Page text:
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Ama­zon rain­for­est metrop­o­lis casts 1,000 km shadow on wildlife

pub­lished 06 August 2017 | mod­i­fied 06 August 2017

Tambaqui fishUrban food demand in the Ama­zon could be hit­ting wildlife up to 1,000 km away from the city, accord­ing to new research.

Rapid urban­iza­tion in the Brazil­ian Ama­zon means over 18 mil­lion peo­ple are now liv­ing in rain­for­est towns and cities but the impact of this demo­graphic change on wildlife har­vested for food, is largely unknown.

In an attempt to find out more, researchers from Lan­caster Uni­ver­sity went into rural com­mu­ni­ties in remote trop­i­cal wilder­nesses along the Purus River, a major Ama­zon­ian trib­u­tary, over a period of a year to gather evidence.

Amazon Purus riverBoat­ing down the River Purus as part of field­work.
Image credit: Dr. Daniel Tregidgo Lan­caster University.

Using tam­baqui, a fish species highly prized by Ama­zon­ian con­sumers, as an exam­ple, they inter­viewed hun­dreds of rural Ama­zo­ni­ans about their fish­ing activ­ity along a heav­ily fished but oth­er­wise rel­a­tively pris­tine river which flows towards Man­aus — a city of over 2 mil­lion res­i­dents. All fish­ers were asked in detail about the catch, effort and catch meth­ods of every fish­ing trip that they had under­taken in the three days prior to the interview.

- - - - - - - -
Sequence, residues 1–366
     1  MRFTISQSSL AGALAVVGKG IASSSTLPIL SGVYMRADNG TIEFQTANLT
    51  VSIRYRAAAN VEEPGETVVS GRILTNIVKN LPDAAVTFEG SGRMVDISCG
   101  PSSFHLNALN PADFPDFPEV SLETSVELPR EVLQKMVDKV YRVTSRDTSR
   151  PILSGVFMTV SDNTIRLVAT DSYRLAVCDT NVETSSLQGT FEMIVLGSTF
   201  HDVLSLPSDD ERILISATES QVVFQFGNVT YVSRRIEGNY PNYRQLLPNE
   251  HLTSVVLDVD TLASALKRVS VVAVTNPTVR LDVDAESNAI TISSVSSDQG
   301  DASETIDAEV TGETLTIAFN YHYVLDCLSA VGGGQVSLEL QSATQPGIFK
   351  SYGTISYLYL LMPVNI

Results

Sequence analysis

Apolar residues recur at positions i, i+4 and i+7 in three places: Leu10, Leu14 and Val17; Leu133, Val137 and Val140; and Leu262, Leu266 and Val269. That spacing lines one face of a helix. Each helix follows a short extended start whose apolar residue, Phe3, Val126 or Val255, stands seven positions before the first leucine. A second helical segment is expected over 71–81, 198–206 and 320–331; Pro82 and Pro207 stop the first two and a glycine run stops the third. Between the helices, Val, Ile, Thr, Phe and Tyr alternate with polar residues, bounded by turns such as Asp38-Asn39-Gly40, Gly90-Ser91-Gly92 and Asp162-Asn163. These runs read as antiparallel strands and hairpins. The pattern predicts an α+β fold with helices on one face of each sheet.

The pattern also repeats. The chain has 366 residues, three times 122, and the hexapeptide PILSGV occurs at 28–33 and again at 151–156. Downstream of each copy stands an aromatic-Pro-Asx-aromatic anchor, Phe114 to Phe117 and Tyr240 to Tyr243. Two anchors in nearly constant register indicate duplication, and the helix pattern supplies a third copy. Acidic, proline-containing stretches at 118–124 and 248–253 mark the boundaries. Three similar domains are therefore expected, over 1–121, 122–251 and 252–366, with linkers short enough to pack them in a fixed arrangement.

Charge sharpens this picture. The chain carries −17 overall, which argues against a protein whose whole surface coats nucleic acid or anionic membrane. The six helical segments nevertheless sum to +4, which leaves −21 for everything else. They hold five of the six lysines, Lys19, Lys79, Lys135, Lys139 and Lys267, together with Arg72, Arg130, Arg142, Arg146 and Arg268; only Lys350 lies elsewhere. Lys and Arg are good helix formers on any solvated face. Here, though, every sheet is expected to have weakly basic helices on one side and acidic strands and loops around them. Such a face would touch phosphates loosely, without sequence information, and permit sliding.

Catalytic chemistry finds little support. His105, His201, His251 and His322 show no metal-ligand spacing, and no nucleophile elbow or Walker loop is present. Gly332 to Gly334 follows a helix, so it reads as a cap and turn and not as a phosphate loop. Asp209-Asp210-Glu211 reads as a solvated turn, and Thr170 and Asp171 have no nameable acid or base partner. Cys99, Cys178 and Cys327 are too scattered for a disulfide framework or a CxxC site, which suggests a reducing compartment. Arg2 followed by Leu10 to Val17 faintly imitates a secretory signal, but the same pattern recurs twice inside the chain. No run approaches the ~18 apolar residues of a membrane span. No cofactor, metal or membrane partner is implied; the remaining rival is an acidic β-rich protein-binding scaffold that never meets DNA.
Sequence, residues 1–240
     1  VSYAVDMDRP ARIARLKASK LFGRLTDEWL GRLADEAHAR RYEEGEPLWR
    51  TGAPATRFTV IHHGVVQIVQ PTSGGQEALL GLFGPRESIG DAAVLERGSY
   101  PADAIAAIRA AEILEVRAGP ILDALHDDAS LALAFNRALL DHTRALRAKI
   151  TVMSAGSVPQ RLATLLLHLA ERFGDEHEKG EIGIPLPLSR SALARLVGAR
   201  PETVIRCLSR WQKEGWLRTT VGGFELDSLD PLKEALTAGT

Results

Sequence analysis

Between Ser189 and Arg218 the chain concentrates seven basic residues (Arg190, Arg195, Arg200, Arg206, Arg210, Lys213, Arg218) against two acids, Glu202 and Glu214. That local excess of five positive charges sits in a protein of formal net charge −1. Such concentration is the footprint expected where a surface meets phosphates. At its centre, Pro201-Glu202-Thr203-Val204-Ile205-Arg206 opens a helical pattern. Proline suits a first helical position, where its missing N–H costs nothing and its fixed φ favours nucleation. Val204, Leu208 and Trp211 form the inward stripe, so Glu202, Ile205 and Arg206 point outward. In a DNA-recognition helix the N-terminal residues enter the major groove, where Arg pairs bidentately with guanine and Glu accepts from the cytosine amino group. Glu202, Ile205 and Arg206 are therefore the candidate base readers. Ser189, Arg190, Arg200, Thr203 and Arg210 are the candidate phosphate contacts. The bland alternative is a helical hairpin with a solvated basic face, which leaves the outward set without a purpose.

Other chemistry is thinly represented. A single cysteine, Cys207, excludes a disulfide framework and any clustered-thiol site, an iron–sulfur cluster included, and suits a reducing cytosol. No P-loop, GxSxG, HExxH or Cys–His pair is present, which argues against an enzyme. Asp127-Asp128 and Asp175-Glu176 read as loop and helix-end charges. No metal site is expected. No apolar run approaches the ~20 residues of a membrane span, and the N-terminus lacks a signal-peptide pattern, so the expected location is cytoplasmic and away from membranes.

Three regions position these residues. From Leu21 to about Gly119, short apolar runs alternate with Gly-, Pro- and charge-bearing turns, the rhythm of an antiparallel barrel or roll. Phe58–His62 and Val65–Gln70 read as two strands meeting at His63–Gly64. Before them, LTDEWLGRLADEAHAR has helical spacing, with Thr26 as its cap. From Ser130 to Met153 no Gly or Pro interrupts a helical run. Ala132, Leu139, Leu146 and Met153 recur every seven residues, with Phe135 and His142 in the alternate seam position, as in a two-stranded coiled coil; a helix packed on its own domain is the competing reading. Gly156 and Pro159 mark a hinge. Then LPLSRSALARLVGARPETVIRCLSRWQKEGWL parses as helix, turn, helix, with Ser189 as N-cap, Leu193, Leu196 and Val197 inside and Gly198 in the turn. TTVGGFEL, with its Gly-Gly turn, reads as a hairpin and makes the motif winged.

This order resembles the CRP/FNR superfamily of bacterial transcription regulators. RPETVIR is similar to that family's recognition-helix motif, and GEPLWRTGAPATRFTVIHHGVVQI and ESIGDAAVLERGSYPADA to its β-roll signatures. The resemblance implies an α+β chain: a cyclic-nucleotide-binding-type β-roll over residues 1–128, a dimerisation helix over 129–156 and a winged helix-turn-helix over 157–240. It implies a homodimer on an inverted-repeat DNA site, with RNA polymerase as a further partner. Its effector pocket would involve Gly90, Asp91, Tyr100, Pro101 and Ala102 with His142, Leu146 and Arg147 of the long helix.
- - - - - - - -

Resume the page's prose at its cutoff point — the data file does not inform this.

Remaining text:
The results were pub­lished online on 24 July in the jour­nal PNAS, and the data revealed that the tam­baqui fish became much smaller and harder to catch nearer to the rain­for­est metrop­o­lis. Ama­zon­ian fish­ers reported a 50% reduc­tion in body size and catch rate as the river approached the city. Sur­pris­ingly, the research team found this trend extended as far as 1000 km from the city, where larger fish were more com­mon and eas­ier to catch.

This research has revealed for the first time exactly how far the defau­na­tion shadow of a metrop­o­lis extends into the ‘forested wilderness’.

Dr Daniel Tregidgo, lead author, Lan­caster Envi­ron­ment Cen­tre, Lan­caster Uni­ver­sity, United Kingdom

Researchers found these declines were linked to city-​based boats that pro­vide rural fish­ers with reli­able access to fish-​buyers and ice, fuelling overfishing.

The find­ings have impor­tant impli­ca­tions for wider for­est diver­sity and human liveli­hoods, which may suf­fer as a result of urban-​related species deple­tion or ‘defaunation’.

Dr Daniel Tregidgo said: “Our research shows the impact of urban demand for a high-​value species of river fish is felt much fur­ther away from cities than we imag­ined. This is sig­nif­i­cant because the trop­ics har­bour two-​thirds of the Earth’s bio­di­ver­sity and are expe­ri­enc­ing rapid human pop­u­la­tion increase, urban­iza­tion and eco­nomic change result­ing in higher urban food demand.

Much of this demand is being met by the expan­sion of farmed meat pro­duc­tion but wild meat such as fish and for­est wildlife is also an impor­tant food for hun­dreds of mil­lions of trop­i­cal con­sumers, from the poor­est and most vul­ner­a­ble to wealth­ier urban res­i­dents. This research has revealed for the first time exactly how far the defau­na­tion shadow of a metrop­o­lis extends into the ‘forested wilderness’.”

(Source: Lan­caster Uni­ver­sity news release, 25.07.2017)

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